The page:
The dashboard is simple but functional

Interiors – As mentioned before, the Niro is not a high-riding car so ingress and egress is an easy affair. The Niro’s cabin looks plain and you instantly realise that it is more substance than style. It is a rather conventional layout with not much variation in colours and textures. There is no fancy ‘floating’ infotainment screen or nifty details like a clock. In fact, the infotainment touch screen comes across as being a touch too small and not very intuitive to operate. 

The Niro gets a wireless phone charger along with both front and rear parking sensors

The infotainment system isn’t very intuitive and ends up feeling too small

Kia has ticked all the practicality boxes with the Niro’s cabin. Storage spaces are ample and the dull but logical layout of the interior makes it very user-friendly. Quality, at large is commendable but not significantly special like that of a Hyundai. Plastics feel enduring, the buttons are nice to operate and everything feels well put together.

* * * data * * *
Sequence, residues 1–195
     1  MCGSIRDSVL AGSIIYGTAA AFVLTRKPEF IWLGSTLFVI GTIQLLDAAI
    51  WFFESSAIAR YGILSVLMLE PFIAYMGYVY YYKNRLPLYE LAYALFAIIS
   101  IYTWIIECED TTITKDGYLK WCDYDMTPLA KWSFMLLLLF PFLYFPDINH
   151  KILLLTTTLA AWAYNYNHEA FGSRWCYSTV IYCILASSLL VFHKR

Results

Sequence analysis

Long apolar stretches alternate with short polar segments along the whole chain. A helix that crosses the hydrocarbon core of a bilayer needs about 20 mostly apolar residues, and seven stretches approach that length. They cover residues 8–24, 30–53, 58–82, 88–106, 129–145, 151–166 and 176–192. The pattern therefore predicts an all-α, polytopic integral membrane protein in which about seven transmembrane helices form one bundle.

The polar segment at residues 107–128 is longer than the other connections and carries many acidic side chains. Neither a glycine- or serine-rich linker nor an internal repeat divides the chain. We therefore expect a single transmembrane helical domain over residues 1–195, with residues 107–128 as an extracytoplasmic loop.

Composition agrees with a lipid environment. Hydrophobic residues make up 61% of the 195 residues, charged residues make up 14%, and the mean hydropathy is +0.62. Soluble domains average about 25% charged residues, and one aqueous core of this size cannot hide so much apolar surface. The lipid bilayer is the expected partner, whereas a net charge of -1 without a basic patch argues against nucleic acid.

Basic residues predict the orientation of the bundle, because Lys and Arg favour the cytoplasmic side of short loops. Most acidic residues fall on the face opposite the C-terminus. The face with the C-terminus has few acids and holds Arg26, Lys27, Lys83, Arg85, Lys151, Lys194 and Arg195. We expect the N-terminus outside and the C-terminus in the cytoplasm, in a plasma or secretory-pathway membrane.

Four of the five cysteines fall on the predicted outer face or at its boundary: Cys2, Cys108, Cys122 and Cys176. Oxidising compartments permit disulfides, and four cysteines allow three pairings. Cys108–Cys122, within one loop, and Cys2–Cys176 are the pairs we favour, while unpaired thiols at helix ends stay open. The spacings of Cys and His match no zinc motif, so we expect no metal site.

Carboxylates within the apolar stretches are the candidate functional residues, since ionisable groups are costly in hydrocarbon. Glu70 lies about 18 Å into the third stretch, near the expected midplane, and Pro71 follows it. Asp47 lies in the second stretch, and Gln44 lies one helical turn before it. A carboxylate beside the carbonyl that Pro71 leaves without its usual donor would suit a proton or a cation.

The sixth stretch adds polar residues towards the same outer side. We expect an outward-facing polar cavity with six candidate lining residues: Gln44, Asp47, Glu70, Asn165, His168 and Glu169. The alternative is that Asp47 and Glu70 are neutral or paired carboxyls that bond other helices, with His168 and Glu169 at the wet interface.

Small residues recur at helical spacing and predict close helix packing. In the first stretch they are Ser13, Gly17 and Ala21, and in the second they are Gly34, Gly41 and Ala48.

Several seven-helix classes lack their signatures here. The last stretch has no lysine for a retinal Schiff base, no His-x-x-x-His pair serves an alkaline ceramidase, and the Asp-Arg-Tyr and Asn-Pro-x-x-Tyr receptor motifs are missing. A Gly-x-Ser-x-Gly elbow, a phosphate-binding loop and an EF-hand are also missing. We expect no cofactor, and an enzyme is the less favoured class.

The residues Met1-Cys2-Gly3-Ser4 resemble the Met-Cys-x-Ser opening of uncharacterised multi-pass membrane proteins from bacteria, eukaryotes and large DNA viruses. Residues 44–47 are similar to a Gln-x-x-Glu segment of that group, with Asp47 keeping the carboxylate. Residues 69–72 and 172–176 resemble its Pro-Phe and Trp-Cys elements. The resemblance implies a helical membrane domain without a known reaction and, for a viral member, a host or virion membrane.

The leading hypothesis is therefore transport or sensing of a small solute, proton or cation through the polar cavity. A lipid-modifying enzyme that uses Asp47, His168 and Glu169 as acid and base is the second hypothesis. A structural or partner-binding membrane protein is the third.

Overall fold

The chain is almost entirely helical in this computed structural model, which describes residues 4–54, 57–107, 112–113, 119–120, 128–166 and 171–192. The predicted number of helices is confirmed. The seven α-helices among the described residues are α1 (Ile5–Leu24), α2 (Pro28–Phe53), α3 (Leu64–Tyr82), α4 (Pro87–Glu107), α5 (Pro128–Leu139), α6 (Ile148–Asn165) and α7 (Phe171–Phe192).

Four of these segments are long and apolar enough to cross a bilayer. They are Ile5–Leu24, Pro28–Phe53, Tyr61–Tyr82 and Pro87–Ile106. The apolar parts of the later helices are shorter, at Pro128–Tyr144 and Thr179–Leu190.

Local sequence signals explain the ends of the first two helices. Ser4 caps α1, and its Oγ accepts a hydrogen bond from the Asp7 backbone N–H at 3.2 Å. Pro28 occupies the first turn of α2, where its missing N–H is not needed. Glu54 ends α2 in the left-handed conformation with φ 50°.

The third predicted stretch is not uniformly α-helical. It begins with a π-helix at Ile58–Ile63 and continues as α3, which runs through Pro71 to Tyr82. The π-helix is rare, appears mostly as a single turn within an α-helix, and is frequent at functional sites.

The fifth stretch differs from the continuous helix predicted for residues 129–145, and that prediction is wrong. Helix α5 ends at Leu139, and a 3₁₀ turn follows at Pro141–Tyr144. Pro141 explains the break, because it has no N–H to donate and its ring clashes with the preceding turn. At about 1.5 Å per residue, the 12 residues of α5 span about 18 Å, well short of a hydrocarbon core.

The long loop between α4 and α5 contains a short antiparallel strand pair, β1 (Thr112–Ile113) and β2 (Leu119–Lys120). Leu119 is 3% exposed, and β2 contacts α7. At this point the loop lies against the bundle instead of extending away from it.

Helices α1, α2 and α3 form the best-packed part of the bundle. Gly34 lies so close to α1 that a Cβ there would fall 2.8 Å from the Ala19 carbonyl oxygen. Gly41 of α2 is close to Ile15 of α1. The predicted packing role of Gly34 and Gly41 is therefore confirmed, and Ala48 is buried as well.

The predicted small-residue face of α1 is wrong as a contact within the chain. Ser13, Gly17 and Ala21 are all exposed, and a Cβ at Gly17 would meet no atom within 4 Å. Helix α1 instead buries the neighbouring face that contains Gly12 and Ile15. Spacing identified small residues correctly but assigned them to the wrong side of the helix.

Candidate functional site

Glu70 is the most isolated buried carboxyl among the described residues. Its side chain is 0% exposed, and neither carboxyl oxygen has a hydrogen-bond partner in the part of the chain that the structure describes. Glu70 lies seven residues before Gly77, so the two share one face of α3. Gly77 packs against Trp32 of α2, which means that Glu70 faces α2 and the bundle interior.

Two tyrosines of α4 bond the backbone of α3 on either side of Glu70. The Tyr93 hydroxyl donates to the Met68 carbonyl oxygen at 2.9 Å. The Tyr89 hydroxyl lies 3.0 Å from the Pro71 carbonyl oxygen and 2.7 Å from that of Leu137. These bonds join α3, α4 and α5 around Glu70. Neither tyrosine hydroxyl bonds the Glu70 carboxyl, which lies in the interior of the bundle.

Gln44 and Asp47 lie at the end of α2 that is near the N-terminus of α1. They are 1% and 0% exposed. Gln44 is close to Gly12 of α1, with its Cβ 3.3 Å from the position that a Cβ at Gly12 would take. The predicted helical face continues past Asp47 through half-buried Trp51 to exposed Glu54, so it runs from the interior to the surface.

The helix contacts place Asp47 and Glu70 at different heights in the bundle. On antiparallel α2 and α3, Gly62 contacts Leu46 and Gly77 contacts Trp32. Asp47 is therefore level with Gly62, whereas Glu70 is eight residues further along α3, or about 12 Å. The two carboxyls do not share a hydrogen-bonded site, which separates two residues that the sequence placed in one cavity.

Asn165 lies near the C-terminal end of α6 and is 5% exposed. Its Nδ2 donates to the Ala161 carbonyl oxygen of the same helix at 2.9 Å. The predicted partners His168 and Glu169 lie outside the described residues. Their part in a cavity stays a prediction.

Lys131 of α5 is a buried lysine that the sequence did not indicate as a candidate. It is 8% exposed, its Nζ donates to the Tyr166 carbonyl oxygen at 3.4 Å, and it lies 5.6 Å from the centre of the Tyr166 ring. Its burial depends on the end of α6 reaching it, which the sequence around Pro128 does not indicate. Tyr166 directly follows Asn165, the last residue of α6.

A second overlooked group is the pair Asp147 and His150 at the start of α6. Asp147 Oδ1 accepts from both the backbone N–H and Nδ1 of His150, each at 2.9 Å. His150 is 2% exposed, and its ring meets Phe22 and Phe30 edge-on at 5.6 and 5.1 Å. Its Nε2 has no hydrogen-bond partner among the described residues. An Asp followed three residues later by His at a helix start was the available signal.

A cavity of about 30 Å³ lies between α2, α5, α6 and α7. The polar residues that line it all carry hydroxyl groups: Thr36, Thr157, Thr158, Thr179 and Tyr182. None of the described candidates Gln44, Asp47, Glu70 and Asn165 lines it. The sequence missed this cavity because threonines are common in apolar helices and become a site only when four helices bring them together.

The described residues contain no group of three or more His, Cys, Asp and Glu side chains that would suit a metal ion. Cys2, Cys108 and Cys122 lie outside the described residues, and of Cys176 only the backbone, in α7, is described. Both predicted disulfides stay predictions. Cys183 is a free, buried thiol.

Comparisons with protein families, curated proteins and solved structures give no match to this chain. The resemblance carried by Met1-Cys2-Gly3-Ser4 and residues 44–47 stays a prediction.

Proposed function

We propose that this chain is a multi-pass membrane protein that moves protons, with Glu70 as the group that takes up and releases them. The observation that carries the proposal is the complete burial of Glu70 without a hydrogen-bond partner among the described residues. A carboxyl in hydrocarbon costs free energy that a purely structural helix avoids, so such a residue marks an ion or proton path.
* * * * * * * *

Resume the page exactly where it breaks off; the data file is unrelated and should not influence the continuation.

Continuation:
The instrument console is tidy and well-stacked

The instrument cluster on the hybrid Niro is very easy to read and informative giving you the usual details like the battery charge and distance to empty. the steering is chunky to hold and the buttons on the steering wheel, although too many, are convenient to operate. The equipment list is long too as you get dual-zone climate control, keyless entry and go, wireless phone charger, front and rear parking sensors and a premium JBL sound system among others. 

The rear seats are spacious for two passengers

Build quality is decent and the Niro is well-loaded and spacious on the inside

The front seats are supremely comfortable and offer stellar bolstering. There is ample space for the driver and passenger to stretch out. the rear seats are impressive too, with good headroom, legroom and shoulder room. However, the backseat may be best suited for two as the central console protrudes into the legroom of the middle passenger.